Later in the tape they hit some kind of checkpoint(s) and theres chatter heard as they enter that airspace
and the other 2 stations sound fine. But the local pilots are always distorted.

I plan on moving the entire recording to mp3 at some point so that can be heard and the rest in entirety.

I did mess with audacity's clipping tool, and at some point playing with the settings, some parts cleaned up
and I thought I was onto a good recovery, but its definately complex.

Thats not speech inversion scrambling, which sounds exactly like listening to, for example, a station transmitting LSB when you have your receiver set to receive USB.

Looking at the file in audacity, it's severely clipped.  Seems to be either a problem with the tape, or the original recording - someone had the gain up too high on the recorder.  Probably not recoverable.
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WB6NVH
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« Reply #5 on: February 25, 2022, 05:50:57 AM »

In my experience in military helicopters based on carriers in the Vietnam era there was a scrambler in an ugly gray box with a padlock on it and a nameplate saying "NSA" with a model number of KY- something wired to the ARC-51BX UHF aircraft radio.  No way you will decode the audio from one of those with hobbyist equipment.

I have a matched set of Lynch scramblers in Samsonite attache cases circa 1970.  These are rather complex things with a telephone handset and digital code keys made of plug-in circuit cards.  There are interfaces for either a home phone line or a Motorola VHF mobile radio (and a 12V power cable.)  Those saw diplomatic use and there's no way you would decipher those with simple equipment (or at all, actually, unless you were the CIA/NSA or KGB with a full lab and a staff of engineers.)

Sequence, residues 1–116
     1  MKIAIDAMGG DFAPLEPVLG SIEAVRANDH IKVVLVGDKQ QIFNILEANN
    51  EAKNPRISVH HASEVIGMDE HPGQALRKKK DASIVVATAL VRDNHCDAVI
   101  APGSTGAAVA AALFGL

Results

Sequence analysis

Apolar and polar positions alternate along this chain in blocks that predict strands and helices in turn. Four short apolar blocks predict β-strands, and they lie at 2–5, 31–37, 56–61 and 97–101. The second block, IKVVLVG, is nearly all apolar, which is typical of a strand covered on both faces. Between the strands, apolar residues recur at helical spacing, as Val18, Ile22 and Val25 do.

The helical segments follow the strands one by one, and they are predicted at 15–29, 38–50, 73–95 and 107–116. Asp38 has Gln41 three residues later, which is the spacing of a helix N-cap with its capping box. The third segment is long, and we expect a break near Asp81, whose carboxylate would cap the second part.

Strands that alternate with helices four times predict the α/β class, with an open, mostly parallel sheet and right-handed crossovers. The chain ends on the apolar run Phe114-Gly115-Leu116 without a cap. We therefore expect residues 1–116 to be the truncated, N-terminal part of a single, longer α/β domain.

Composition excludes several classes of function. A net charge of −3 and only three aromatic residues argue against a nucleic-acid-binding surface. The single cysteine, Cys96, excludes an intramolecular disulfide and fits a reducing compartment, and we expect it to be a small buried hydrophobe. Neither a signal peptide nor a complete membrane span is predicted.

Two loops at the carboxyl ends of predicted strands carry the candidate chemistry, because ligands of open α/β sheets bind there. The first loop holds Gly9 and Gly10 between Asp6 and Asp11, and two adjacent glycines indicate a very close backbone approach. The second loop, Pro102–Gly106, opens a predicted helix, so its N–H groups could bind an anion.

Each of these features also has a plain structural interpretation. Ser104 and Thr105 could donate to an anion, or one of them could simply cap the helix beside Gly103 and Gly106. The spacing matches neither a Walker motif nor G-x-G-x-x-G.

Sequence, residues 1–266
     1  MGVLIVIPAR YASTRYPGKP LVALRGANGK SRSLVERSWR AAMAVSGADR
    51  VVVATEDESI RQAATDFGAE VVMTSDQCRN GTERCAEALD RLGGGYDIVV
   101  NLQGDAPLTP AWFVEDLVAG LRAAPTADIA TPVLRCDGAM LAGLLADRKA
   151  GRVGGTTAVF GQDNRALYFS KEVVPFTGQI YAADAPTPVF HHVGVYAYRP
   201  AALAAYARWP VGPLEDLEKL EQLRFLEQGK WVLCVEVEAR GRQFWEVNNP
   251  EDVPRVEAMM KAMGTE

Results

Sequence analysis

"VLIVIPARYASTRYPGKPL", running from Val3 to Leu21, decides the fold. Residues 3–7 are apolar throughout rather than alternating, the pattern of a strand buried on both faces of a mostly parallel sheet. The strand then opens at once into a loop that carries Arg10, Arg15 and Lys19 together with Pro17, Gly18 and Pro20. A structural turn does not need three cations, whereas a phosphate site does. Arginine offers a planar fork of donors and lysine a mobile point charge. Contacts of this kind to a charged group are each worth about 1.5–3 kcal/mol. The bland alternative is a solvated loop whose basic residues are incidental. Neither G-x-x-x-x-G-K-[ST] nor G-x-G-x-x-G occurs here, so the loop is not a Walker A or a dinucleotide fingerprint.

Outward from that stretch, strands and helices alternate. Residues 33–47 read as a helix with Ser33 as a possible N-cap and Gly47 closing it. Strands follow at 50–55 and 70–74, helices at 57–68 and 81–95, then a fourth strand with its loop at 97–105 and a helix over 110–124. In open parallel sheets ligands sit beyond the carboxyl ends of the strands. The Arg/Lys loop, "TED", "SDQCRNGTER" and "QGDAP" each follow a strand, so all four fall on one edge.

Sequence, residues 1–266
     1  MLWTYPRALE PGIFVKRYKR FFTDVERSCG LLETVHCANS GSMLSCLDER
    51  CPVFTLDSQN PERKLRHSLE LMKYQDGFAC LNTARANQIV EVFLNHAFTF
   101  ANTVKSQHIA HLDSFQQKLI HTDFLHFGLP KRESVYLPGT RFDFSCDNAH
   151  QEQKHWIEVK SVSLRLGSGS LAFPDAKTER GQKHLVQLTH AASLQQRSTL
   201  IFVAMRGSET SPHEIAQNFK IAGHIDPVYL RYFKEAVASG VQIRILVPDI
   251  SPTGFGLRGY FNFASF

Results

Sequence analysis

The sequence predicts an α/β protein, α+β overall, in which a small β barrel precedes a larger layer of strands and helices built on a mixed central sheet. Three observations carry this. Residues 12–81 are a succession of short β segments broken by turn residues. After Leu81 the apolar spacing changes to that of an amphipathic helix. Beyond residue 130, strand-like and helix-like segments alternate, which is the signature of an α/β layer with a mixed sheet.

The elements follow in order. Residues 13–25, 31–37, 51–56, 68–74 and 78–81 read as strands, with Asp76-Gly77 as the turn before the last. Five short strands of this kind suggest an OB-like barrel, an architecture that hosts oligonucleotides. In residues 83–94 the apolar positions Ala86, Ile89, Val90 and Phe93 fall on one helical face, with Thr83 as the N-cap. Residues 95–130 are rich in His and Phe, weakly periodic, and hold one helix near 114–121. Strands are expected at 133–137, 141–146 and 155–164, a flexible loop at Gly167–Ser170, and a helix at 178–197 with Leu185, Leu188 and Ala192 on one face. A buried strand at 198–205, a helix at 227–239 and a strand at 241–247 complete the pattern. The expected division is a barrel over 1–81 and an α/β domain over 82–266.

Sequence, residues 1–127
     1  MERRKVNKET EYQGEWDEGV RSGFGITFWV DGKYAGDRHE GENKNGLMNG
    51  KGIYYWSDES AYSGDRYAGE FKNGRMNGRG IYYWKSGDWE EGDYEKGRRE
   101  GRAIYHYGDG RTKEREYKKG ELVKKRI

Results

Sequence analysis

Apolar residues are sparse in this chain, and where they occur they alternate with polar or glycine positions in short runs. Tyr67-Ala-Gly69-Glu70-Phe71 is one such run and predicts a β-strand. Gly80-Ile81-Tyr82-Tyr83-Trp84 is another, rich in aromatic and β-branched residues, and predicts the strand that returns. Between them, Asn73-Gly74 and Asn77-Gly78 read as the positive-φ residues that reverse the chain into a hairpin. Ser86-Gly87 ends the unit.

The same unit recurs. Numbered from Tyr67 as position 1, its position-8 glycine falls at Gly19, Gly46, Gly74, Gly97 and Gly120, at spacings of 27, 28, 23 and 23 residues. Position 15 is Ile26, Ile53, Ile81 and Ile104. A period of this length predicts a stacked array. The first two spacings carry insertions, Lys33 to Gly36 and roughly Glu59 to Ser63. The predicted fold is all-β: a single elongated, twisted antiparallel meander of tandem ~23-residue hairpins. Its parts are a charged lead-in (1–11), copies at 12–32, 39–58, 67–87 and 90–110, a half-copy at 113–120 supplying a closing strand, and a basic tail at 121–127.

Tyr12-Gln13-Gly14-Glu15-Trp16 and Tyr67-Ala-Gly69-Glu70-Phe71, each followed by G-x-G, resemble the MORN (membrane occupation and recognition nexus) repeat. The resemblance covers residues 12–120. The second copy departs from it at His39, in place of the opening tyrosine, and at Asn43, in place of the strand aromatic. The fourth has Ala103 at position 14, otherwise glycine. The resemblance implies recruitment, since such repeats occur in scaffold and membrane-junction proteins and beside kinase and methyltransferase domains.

In police service in the early 70's we had Motorola "Voice Privacy Adapters" which were simple voice inversion devices that you could indeed decode easily with some simple gear.  At least one scanner accessory company sold a "decoder" for that purpose.  Never found any crooks who knew that, however.
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Geoff Fors
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« Reply #6 on: February 25, 2022, 10:50:30 AM »

WB6NVH said:
Quote
In my experience in military helicopters based on carriers in the Vietnam era there was a scrambler in an ugly gray box with a padlock on it and a nameplate saying "NSA" with a model number of KY- something wired to the ARC-51BX UHF aircraft radio.  No way you will decode the audio from one of those with hobbyist equipment.
That was the box that held the permutator cards. They held a key code that was changed daily like Mode 4 IFF, NTDS Link 11 etc. I know, I was a CMS custodian and changed the codes daily on ship.
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Invisible airwaves crackle with life, bright antenna bristle with the energy. Emotional feedback, on timeless wavelength, bearing a gift beyond lights, almost free.... Spirit of Radio/Rush
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« Reply #7 on: February 25, 2022, 03:25:03 PM »

You jogged my memory, I recall that now! 
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Geoff Fors
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KA2PTE
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« Reply #8 on: May 18, 2022, 12:52:34 PM »

I contacted the Air Force vet who is one of the voices on the distorted recording, and I mentioned
it may be scrambled audio, but he seems VERY certain there is no scrambler onboard.

If it were the degraded magnetic material on the tape, I think the other voices coming in later
as they check into the waypoint station would be distorted the same too.

Im starting to think as someone else mentioned, there is just overdriven input to the recording head.
So that ought to be not too hard to resolve...